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6 Signs it May Be Time to Move From Assisted Living to Memory Care

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Assisted living often can accommodate a person showing signs of mild dementia. Some senior living communities even offer the option of memory care. However, it’s important to understand that dementia and Alzheimer’s disease are progressive diseases and there are signs to watch for that can indicate it might be time for your loved one to make the move from assisted living to memory care.

Moving From Assisted Living to Memory Care: Signs It May Be Time.

  1. Wandering. If a person begins to show signs of elopement—such as packing a bag, informing staff they are ready to leave or looking for an exit—it may indicate that what began as mild dementia has progressed to the next stage. Transitioning from assisted living to memory care will offer the senior the comfort and reassurance of a secure, safe environment designed to discourage wandering and remove sources of frustration, such as dead-end hallways.
  2. Aggression. Increased confusion can lead to agitation, which can culminate in aggressive behavior which can be dangerous both for other residents as well as your loved one. Memory care staff is well-trained to deal with these symptoms by using effective strategies for redirecting emotions for a positive outcome. The result is a safer, better quality of life for your loved one and better peace of mind for you.
  3. Difficulty socializing. Assisted living is designed to offer the resident freedom to plan their day as they choose, taking advantage of the activities and amenities that appeal most to them. But when a person begins to isolate and pull away from friends or family or stop communicating with staff and caregivers, it can be a sign it’s time to move from assisted living to memory care. It may be because they no longer remember the things they should and being in a group may start to feel overwhelming. In memory care, with others around them sharing the same challenges, your loved one will likely feel more at ease.
  4. Change in eating habits. Dementia can affect a person’s ability to eat or drink, which can result in weakness, fatigue and dehydration. Sometimes the person forgets to eat. Sometimes they don’t realize they just ate and want another meal. A decreased sense of smell or taste can be another factor that results in a loss of appetite. Issues with food signal that it might be time to make the move from assisted living to memory care so that the person can enjoy a regular, structured mealtime with assistance from caregivers who know how to make the experience calm and comfortable.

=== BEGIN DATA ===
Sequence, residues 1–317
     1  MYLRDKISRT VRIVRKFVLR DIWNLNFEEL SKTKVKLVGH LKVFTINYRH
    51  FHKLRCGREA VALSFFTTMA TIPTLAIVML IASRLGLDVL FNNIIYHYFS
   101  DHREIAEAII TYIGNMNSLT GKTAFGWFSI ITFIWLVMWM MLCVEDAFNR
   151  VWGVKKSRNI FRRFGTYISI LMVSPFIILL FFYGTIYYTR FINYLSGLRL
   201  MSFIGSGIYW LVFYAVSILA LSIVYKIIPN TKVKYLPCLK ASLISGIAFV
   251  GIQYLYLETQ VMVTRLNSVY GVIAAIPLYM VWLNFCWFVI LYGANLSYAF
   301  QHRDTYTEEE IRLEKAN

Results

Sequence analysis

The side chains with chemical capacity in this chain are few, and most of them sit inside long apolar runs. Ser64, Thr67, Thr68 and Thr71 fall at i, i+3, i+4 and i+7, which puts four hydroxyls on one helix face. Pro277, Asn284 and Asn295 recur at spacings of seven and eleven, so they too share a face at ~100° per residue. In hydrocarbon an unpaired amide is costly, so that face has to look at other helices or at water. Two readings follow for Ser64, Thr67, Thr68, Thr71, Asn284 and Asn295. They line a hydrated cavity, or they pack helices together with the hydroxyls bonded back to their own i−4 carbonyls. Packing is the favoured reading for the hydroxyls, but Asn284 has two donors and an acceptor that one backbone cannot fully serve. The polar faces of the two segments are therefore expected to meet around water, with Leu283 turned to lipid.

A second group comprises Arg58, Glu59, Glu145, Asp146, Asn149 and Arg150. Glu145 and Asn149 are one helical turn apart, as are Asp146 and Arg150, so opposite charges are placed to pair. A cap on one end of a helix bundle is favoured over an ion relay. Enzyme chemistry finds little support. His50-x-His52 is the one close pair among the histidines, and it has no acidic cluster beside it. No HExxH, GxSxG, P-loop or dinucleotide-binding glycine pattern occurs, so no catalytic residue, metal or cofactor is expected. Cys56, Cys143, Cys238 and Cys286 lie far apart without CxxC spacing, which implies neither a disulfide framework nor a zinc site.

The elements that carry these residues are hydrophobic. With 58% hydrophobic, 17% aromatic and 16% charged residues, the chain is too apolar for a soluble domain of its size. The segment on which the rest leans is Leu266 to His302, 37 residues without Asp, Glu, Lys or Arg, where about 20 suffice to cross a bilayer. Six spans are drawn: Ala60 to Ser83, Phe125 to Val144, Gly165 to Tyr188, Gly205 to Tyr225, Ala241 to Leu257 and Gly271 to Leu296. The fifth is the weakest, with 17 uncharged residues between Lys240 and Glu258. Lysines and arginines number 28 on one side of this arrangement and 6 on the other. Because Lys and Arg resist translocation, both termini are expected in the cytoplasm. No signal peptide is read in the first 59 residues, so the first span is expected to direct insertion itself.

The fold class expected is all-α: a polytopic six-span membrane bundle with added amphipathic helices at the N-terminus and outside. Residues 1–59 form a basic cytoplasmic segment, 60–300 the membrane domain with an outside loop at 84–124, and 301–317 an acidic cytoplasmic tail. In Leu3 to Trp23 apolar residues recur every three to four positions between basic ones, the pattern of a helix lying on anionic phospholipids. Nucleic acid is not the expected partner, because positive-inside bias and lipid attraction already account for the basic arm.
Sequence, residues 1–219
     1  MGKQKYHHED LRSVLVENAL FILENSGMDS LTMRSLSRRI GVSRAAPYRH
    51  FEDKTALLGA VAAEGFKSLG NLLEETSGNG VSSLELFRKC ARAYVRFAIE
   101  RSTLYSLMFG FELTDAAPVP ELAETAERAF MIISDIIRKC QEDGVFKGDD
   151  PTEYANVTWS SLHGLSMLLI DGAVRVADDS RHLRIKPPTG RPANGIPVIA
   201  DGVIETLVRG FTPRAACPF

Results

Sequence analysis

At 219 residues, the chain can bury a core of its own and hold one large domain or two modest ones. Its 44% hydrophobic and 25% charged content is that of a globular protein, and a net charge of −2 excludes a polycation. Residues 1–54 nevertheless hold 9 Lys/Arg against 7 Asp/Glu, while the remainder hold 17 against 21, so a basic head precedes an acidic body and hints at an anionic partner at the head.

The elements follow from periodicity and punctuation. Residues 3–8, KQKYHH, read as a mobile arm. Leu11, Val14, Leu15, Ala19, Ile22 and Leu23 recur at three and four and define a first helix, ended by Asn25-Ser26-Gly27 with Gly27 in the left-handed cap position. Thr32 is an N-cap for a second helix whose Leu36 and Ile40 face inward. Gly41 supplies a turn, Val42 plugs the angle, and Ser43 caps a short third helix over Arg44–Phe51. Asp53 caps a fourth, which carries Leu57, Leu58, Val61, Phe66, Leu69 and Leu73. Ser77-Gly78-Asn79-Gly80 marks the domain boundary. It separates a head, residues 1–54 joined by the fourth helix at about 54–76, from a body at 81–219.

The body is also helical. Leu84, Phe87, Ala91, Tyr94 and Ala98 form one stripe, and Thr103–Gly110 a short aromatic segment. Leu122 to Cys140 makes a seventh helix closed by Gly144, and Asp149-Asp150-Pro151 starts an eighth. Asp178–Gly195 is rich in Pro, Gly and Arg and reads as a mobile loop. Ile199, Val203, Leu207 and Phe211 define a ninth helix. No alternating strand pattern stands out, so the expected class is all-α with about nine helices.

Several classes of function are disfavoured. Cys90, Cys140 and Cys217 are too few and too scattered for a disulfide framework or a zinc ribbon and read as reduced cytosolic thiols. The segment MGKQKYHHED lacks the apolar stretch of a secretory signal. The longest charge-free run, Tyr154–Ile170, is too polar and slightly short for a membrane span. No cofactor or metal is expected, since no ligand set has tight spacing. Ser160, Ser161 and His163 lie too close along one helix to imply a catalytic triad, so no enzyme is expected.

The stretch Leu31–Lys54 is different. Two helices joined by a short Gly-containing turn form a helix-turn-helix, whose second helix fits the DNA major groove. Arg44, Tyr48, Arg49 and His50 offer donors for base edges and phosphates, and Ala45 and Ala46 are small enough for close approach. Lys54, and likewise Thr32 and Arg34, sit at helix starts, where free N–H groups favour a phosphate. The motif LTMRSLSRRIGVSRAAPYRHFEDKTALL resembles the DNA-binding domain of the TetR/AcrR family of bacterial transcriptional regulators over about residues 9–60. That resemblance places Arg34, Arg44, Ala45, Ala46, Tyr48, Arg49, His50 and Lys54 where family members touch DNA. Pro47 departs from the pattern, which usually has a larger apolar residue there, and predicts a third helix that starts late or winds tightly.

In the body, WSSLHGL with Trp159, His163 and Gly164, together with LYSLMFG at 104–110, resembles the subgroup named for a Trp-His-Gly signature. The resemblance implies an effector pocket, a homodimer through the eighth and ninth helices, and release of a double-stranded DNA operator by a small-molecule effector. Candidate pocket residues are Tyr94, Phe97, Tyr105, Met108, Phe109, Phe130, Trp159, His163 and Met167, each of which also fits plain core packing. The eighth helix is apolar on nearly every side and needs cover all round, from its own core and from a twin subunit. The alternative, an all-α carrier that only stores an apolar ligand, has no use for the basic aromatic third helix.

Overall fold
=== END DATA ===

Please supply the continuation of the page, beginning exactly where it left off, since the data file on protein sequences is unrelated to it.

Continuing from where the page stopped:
5. Getting lost. Assisted living affords residents the freedom to explore the entire senior living campus, as well as come and go from the community as they choose. If a person begins to have difficulties finding their way back to their residence, that is clearly a sign that should not be ignored. Even in the early stages of dementia, it’s common for a person to get lost or wander. The fact that’s a common incident does not lessen the inherent danger.
  6. Problems with scheduled activities. People with Alzheimer’s disease struggle with familiar tasks. It could be remembering the rules of a game or making a list. As the disease progresses, problems begin to include difficulty having a conversation or recognizing familiar faces. These are a few of the possible reasons why a person struggling with dementia might find it difficult to keep a schedule. In assisted living, there’s usually an activity calendar filled with regular events and programs that residents are encouraged to attend. When that stops happening, it can be a sign that moving from assisted living to memory care is a good idea, where caregivers can personally guide an individual through experiences that are meaningful to them.

Moving from assisted living to memory care can be a source of relief.

When a person is struggling with changes in their cognition, being able to live in a memory care setting designed specifically for their needs can be comforting and calming:

  • Higher staff to resident ratio means more personalized care
  • Caregivers are specially trained to respond to both verbal and visual cues and build a sense of trust and friendship
  • Safety design features such as color-coded walls and flowing floor plans reduce wandering
  • Calm, comfortable mealtimes ensure that each person is receiving proper nutrition
  • Activities can become a source of pleasure when a person is no longer anxious about being able to participate successfully

Transitioning to memory care can mean more successes, and greater peace of mind for you and your family. At Peregrine, we’re redefining dementia and Alzheimer’s care to make sure that you can hold onto what makes your loved one unique for as long as possible. The Peregrine Way™® is our unique approach to memory care that helps improve the quality of life for residents and their families through unsurpassed care.

Discover the possibilities that open up when we don’t let our loved ones be defined by Alzheimer’s disease or other dementias. Contact us today to learn more. And please download the free guide, Just The Facts: Guide to Assisted Living. We are here to help you!

Written by
Stephen Sarsfield Bowman

More Articles By
Stephen Sarsfield Bowman

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